Language can be seen as an outcome of the existence of the ecological self, and it's increasing cognitive function. arising from the ecological self's conceptualisation of "the other" and the "not other", giving rise to both "me" and "I" as explained by Hegel's dialectic. Thus what we think of as the "mind" is an evolutionary outcome of our cognitive ability and the development of language. It is our conceptualisation of our conceptualisation of the world. This interplay between mind, language and the (in)transitive object is revealed when looking at "colour" A lecture given by Dr Robert Sapolsky back in 2010 suggests that people will identify colours more readily if the colour in question is in the middle of a boundary between two other known colours. Interestingly the position and number of these boundaries changes as function of language, and so too does the colour recognition. Thus cognition creates language which affects mind and mind affects the persons perception of the external world..... which given enough time creates language...
Cause and effect endlessly effecting is own causation. So, no I don't believe that a physicalist viewpoint of causation of thought is at odds with Critical Realism. Why? because the "ecological self" self is not a thoughtless one.
Me, my shadow, myself and I.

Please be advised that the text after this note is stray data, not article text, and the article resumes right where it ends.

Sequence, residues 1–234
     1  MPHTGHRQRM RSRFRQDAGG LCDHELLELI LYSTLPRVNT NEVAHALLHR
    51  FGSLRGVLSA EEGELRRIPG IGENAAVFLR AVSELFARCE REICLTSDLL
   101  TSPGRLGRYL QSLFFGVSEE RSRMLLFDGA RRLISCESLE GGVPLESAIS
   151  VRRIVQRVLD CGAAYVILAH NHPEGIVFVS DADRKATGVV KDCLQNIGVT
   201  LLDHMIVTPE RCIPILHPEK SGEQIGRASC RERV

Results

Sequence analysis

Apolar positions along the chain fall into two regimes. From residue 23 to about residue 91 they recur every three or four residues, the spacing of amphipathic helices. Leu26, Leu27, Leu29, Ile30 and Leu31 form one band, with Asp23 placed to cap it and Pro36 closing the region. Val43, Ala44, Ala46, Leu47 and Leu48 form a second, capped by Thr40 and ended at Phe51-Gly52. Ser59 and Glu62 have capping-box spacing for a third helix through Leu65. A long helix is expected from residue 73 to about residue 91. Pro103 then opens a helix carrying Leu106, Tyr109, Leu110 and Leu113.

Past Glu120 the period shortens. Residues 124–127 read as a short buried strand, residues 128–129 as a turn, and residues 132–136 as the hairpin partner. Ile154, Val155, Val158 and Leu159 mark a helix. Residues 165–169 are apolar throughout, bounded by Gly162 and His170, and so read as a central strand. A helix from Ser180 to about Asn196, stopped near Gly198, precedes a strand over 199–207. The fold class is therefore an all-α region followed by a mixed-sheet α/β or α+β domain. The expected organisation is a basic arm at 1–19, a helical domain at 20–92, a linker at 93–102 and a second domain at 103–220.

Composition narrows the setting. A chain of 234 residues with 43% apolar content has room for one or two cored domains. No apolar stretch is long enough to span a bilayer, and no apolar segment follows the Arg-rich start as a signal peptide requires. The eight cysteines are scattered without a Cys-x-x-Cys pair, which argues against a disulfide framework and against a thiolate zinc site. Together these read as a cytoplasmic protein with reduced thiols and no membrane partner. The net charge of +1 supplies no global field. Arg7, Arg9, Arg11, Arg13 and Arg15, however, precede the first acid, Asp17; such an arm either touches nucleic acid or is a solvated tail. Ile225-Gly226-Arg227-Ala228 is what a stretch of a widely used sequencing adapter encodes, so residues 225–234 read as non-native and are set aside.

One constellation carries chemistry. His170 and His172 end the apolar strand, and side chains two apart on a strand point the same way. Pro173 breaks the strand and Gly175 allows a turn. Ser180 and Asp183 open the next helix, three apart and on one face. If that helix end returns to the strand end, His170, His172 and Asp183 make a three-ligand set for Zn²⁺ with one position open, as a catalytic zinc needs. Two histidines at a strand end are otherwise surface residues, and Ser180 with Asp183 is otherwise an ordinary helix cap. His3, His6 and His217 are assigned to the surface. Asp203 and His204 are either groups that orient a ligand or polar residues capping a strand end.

I usually end up adding in a video by Oliver Thorn somewhere in these essays and today is no exception. Here's Olly's piece on split mind and the work of Simon Critchley that highlights were I'm going with this....
In the video Olly talks about his ideal self as being "Mr not good enough" The eternally critiquing and judgmental view of self via expectations of action, or thought. My own Ideal self is kinda like an Imp, like Gollum, from lord of the rings, but smaller, meaner, kinda blueish, and with a wicked sense of humour. Cheeky, annoying and fiendishly clever, often suggesting that I'm not good enough, asking if I'm doing the "right thing", suggesting that other's don't really like me, or that yup you guessed it.. I'm a fraud on many levels. I've explained, or would like to think I have, how this Imp comes to exist, via cognition, via language, but as Olly says.. "If your Ideal self isn't being nice to you today, maybe somebody else has been feeding it the script"
This then is the "external" The linguistic, social, ethical. The scientific, the cultural, professional, legal and many many other influences being brought into our own sense of self. It is the process of the "me" and the "I"... bringing the external socially created world into the internal sense of self via what Andrew brown calls "identity work"
But here's the tricky bit.
If "me" is the externally viewable
and "I" is the internally knowable.
what happens when "I" is not the "me" that others perceive?
and which comes first the "I" or the "me"?
The decisions we make, the actions or inactions that result from them and their consequences through the course of a life are all(?) based upon internal extrapolations of the "external". Or to put it another way our internalised sense of the "me" that others create continually suggests stuff that the "I" should, or shouldn't, do.
And that, that is a whole other box of frogs. all of them madly jumping in multiple directions. So it's time to wrap up this second part of "the self" and save the frog herding for part three,